Ukraine is developing a new version of the Neptune anti-ship missile (AShM) that will allow it to hit targets up to 400 kilometers — deep within Russia and far beyond the frontlines. The Neptune had already been used in August to destroy Russia’s S-400 surface-to-air missile (SAM).
The missile’s range is currently estimated to be around 300 km (200 miles), which does give Ukraine a specific deep strike capability, but not the painful hits in the depth areas that might affect Russia’s performance on the battlefield.
Moscow has devised ways to shoot down Western projectiles like the rockets of the High Mobility Artillery Rocket System (HIMARS) or the British-French Storm Shadow/SCALP-EG.
While Russia did take initial tactical losses, it has managed to reorganize its supply lines and air Defense (AD) placements, update its SAM radar and missile software, and develop new tracking and engagement tactics to counter the systems.
But an R-360 Neptune — that sank Russia’s Black Sea Fleet’s Moskva cruiser in April 2022 — that goes beyond 300 km genuinely upsets Russia’s battlefield calculus in a way that forces it to employ more resources. Any workaround would be complicated and time-consuming, affording Ukraine the tactical advantage.
Ukraine Announces ‘Long Neptune’
Ukraine’s Deputy Defense Minister Ivan Gavriyuk made a statement to this effect. Military analysis handle ‘Tendar’ quoted him on X (formerly Twitter): “Ukraine is working on a new modification of the Neptune missile with an extended range of 400 km (versus 300 km of the anti-ship version) and increased warhead – 350 kg (versus 150 kg).”
Interestingly, Ukraine had been using the Neptune in the past to hit Russian land targets. For instance, on August 26, the Secretary of Ukraine’s National Security and Defense Council, Oleksiy Danilov, was quoted talking about the August 23 strike on the Russian S-400 air defense (AD) system in the Western part of the country.
“A new Ukrainian missile destroyed the S-400 launcher in Crimea. The missile was new. The missile was absolutely modern. Yes, this is our new product, which proved to be absolutely flawless,” Danilov said. He added that this was a project of Ukroboronprom, and the program was launched in 2020.
This had marked the Neptune being modified for land attack roles, in line with a common practice of repurposing ship-killing or anti-air missiles for hitting land — or vice versa.
The Harpoon 1D, the surface-to-air Standard Missile-6 (SM-6), or the Soviet-era S-125 Pechora are cases in point. In the case of Neptune, Ukraine presumably might tweak the missile’s guidance and target seeker systems in the nose section. Different seekers are used for the relevant terrain, such as land, air, and sea.
Usually, anti-ship missiles (AShM) have Radio Frequency (RF), Infrared (IR), or radar seekers, while land-attack or air-to-ground munitions (AGM) often have optical seekers. However, the exact nature of alterations to Neptune’s guidance, navigation, and propulsion system remains unknown.
Changes To Neptune Missile
Radar seekers on AShM easily identify surface ships since the surrounding water does not provide a similar radar image, and the vessel stands out. Ground targets, however, are surrounded by other buildings, trees, and terrain, with the clutter sometimes disallowing the seekers to hone in.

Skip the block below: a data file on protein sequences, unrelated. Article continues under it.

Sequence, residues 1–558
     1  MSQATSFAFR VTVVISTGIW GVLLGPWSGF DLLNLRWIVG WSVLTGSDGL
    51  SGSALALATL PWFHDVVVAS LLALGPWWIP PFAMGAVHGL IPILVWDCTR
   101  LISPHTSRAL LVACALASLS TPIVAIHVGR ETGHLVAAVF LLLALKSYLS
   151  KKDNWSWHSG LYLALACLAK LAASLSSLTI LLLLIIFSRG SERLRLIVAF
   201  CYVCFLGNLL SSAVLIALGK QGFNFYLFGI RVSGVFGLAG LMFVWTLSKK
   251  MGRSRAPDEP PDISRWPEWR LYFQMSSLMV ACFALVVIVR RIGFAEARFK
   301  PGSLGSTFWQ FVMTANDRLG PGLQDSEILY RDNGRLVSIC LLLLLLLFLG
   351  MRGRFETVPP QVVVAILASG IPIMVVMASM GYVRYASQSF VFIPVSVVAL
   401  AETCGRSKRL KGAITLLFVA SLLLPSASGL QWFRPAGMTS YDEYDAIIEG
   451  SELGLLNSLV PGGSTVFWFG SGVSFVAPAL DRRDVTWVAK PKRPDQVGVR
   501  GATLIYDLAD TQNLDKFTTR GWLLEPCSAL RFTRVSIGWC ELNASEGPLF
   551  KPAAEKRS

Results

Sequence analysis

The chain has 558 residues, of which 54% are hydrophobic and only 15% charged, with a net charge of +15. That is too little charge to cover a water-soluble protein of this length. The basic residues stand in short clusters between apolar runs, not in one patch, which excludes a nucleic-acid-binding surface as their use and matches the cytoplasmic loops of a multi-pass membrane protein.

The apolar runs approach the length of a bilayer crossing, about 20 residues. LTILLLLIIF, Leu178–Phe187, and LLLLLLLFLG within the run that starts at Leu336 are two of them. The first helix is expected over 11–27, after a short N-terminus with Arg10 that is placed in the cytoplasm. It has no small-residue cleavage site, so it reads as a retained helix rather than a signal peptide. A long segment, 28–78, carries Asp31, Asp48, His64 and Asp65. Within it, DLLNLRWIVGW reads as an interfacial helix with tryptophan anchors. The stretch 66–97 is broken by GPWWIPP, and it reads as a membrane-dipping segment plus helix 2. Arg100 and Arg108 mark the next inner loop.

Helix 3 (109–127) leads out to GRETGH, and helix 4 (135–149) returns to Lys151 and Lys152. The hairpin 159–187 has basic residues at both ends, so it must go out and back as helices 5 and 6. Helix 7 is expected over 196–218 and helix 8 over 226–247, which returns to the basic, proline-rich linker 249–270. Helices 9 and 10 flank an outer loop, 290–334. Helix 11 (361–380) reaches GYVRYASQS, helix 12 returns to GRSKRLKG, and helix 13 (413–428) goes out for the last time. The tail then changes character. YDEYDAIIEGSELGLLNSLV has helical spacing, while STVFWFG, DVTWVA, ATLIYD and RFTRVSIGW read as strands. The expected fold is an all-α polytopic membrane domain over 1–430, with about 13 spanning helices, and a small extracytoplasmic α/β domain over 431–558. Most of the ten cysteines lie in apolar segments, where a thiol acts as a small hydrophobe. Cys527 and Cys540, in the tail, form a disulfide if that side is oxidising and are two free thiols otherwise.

For sinking the Moskva in April 2022, Ukraine fired two R-360 Neptune missiles from the coastline between Nikolaev and Odessa. This was while they used a Turkish TB-2 Bayraktar drone to observe, confuse, and divert the attention of the Moskva’s crew. This was a relatively simple strike since the missile was attacking a target designed to kill and on the terrain it is meant for (sea).
But fusing the radar seeker with satellite navigation (SATNAV) helps the missile distinguish the target from the clutter for striking targets on land. Luch, the Ukrainian developer of the Neptune, had already installed a GPS terminal on the missile, making it land-attack capable from the start. The Neptune strike on the S-400 in mid-August can be concluded to have been made after this modification to the missile.
Extending the range of the 17-foot Neptune might involve raising its length by a few more feet and carrying more fuel in the extra space. This allows the missile to go longer than 300 kilometers. Some structural changes might involve repositioning the fins and the movable control surfaces to balance the flying dynamics due to the changed center of gravity.
Thus, a Neptune Mk.2 (for the lack of an official designation that incorporates the new seeker, guidance, and extended range technologies) that can strike at 300-400 kilometers puts all of Crimea and areas well behind the frontline in range.
Ukraine Goes It Alone
Ukraine’s motivation for developing long-range missiles is the reluctance from the West to donate such systems, which they fear will be used to strike deep into Russia on non-military targets. Moscow’s retaliation on the North Atlantic Treaty Organization (NATO) infrastructure will put it on the warpath with Europe and the US, which neither side desires.
For instance, the US has supplied Ukraine with the M39 Block 1 missile as a part of the Army Tactical Missile System (ATACMS), which has a range of 165 kilometers (103 miles). But it has still withheld a decision on giving the M39A1 Block I, M48 QRU, or the M57 Block IA Unitary missiles that can reach between 270 km to 300 km.